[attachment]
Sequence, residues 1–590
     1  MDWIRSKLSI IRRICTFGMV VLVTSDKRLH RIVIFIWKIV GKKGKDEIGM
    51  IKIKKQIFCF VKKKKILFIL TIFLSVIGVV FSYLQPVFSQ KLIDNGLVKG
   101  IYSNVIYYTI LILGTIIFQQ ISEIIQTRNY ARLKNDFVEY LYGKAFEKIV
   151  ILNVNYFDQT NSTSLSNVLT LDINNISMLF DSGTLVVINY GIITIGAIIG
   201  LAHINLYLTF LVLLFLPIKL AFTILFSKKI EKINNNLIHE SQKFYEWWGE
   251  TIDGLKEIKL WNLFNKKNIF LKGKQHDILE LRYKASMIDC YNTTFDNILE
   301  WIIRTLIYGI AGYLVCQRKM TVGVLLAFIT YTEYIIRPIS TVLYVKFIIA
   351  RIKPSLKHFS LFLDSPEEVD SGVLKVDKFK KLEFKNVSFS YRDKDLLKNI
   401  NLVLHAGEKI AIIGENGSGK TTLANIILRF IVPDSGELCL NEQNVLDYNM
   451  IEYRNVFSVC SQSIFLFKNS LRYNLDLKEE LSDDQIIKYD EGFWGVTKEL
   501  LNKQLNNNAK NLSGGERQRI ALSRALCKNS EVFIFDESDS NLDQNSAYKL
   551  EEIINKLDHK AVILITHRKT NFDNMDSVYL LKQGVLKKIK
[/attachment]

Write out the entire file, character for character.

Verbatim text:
Sequence, residues 1–590
     1  MDWIRSKLSI IRRICTFGMV VLVTSDKRLH RIVIFIWKIV GKKGKDEIGM
    51  IKIKKQIFCF VKKKKILFIL TIFLSVIGVV FSYLQPVFSQ KLIDNGLVKG
   101  IYSNVIYYTI LILGTIIFQQ ISEIIQTRNY ARLKNDFVEY LYGKAFEKIV
   151  ILNVNYFDQT NSTSLSNVLT LDINNISMLF DSGTLVVINY GIITIGAIIG
   201  LAHINLYLTF LVLLFLPIKL AFTILFSKKI EKINNNLIHE SQKFYEWWGE
   251  TIDGLKEIKL WNLFNKKNIF LKGKQHDILE LRYKASMIDC YNTTFDNILE
   301  WIIRTLIYGI AGYLVCQRKM TVGVLLAFIT YTEYIIRPIS TVLYVKFIIA
   351  RIKPSLKHFS LFLDSPEEVD SGVLKVDKFK KLEFKNVSFS YRDKDLLKNI
   401  NLVLHAGEKI AIIGENGSGK TTLANIILRF IVPDSGELCL NEQNVLDYNM
   451  IEYRNVFSVC SQSIFLFKNS LRYNLDLKEE LSDDQIIKYD EGFWGVTKEL
   501  LNKQLNNNAK NLSGGERQRI ALSRALCKNS EVFIFDESDS NLDQNSAYKL
   551  EEIINKLDHK AVILITHRKT NFDNMDSVYL LKQGVLKKIK